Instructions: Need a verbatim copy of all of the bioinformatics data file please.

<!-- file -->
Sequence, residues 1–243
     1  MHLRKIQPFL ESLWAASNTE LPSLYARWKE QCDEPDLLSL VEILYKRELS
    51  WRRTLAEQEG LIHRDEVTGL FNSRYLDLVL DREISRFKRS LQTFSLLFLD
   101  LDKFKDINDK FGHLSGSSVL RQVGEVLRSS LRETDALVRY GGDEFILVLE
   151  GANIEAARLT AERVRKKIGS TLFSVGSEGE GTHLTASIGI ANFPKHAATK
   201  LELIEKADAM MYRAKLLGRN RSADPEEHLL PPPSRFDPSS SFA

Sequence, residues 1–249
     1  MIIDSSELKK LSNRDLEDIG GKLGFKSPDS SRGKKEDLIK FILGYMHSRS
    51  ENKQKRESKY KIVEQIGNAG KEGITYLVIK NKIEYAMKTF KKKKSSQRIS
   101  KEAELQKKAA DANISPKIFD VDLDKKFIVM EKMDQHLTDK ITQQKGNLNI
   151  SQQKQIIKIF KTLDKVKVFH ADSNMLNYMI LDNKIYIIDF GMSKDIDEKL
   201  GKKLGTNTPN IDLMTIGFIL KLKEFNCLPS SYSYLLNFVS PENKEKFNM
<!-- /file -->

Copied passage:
Sequence, residues 1–243
     1  MHLRKIQPFL ESLWAASNTE LPSLYARWKE QCDEPDLLSL VEILYKRELS
    51  WRRTLAEQEG LIHRDEVTGL FNSRYLDLVL DREISRFKRS LQTFSLLFLD
   101  LDKFKDINDK FGHLSGSSVL RQVGEVLRSS LRETDALVRY GGDEFILVLE
   151  GANIEAARLT AERVRKKIGS TLFSVGSEGE GTHLTASIGI ANFPKHAATK
   201  LELIEKADAM MYRAKLLGRN RSADPEEHLL PPPSRFDPSS SFA

Sequence, residues 1–249
     1  MIIDSSELKK LSNRDLEDIG GKLGFKSPDS SRGKKEDLIK FILGYMHSRS
    51  ENKQKRESKY KIVEQIGNAG KEGITYLVIK NKIEYAMKTF KKKKSSQRIS
   101  KEAELQKKAA DANISPKIFD VDLDKKFIVM EKMDQHLTDK ITQQKGNLNI
   151  SQQKQIIKIF KTLDKVKVFH ADSNMLNYMI LDNKIYIIDF GMSKDIDEKL
   201  GKKLGTNTPN IDLMTIGFIL KLKEFNCLPS SYSYLLNFVS PENKEKFNM